The street tacos are the star of the show. El Chupacabra serves this classic in its most authentic form. Basic in its simplicity, the but complex in its flavor: Griddled corn tortilla, marinated and chargrilled protein, pico de gallo salsa, generous amounts of torn cilantro, chopped onions, and half a lime. The lime being the sole deviation, where the street tacos veer from their authenticity and use local Filipino key limes (calamansi) vs. their more tart green lime cousins.

The meats are charcoal grilled to order and formidably spiced, the cilantro is fresh and abundant, so eat bite has a burst of flavor. Different homemade flavored and spiced salsas are available to add even more oomph to each bite. Each mouth-watering-grease-dripping-on-my-hands-making-me-lick-my-fingers-its-sooooo-good taco is a wallet happy ~$2, with more promotions and happy hours available daily.

3) Mid Level Casual– This is where the Manila dining scene shines. Michelin star meals at wallet friendly prices.

Our cheap street foods don’t compare to Thailand, Penang, or Vietnam. Our high-end dining costs as much as fine dining options in the US or Western Europe. However, our mid-tier restaurants have affordable value and surprisingly tasty selections. It is the intersection where price and quality meet to eat in Manila.

Ziggurats- One of the OG restaurants in Makati. Even before Poblacion became a hipster haven, Ziggurats was dishing out exotic fare from their corner spot- by exotic, I mean they serve a selection of delicious eats ranging from India, Africa, the Middle East, and the Mediterranean.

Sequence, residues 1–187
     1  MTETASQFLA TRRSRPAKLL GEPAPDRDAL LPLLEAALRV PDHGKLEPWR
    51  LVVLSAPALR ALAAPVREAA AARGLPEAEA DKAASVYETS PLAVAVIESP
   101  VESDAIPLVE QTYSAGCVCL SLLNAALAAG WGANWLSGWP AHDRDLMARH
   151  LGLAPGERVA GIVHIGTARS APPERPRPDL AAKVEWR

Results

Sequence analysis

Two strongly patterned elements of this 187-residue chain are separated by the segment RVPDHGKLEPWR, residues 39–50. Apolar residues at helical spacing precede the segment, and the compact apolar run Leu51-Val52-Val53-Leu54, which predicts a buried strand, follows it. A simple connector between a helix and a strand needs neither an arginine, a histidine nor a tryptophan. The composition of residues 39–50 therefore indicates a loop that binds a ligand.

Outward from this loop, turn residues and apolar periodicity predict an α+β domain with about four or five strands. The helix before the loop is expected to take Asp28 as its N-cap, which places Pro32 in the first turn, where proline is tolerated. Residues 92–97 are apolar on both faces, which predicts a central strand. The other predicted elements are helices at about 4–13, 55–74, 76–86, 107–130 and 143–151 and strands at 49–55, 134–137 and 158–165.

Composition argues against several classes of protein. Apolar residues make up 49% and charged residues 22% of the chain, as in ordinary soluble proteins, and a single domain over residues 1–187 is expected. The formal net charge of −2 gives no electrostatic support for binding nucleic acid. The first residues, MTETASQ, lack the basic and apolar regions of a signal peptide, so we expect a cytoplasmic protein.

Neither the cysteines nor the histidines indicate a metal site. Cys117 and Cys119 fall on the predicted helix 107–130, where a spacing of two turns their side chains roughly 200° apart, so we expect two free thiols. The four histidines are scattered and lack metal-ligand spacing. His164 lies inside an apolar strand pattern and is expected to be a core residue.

Kebab, souvlaki, and lamb- I can smell the cumin and grilled flavor from here. 

Admittedly, the menu is a bit overwhelming, and when I see a restaurant with a novel for a menu, it means they don’t do anything particularly well; the whole “Jack of All Trades, but a Master of None.” Ziggurats bucks that mantra and does several different cuisines equally well. With rice dishes starting at $2, curries at $5, and most entrees less than $7, you can experiment and grab a selection of savory Indian curries, robustly spiced African stews, or taste the cumin and cilantro grilled Middle Eastern kebabs. 

Mendokoro Ramenba- Regulars have normalized the 1-hour wait to get into this 21-seat ramen bar, so you have to know the taste must be worth the wait. If the Ziggurats review above overwhelmed you with choices, then Mendokoro will help steady your spinning head with a super simple, some would say minimalist menu of 12 items, 10 of them are ramen.

If you love noodle soups, Mendokoro's pork broth with grilled pork belly is a Manila must try. 

This specialization in ramen is a puff-your-chest out display of focus and dedication. The chef and staff working in the open-air kitchen are on full display in front of you. Their culinary skills laid bare in exhibition; a blatant show of their confidence and ability in making a small select number of dishes, very very very well.

For first-timers, I recommend the Shoyu ($8)with extra Chashu ($3). The extra hunks of thick slow-cooked pork are smoky and succulent compliments to the creamy savoriness of the tonkotsu (pork bone) broth. The blend of textures from the rich, thick broth, soft and tender pork, and the firm and chewy noodles are the perfect interplay consistency and flavor.

Off Menu Secret Item: Super Chashu

Din Tai Fun- This Michelin star dumpling house is a global phenomenon. "Voted by the New York Times as one of the Top 10 Restaurants in the World.”, it causes 2 hour long waits any time it opens a new location. I understand the hoopla. I was one of the people waiting in the 2-hour line when it’s first location opened in the Philippines back in 2015. I must admit the hype is well justified.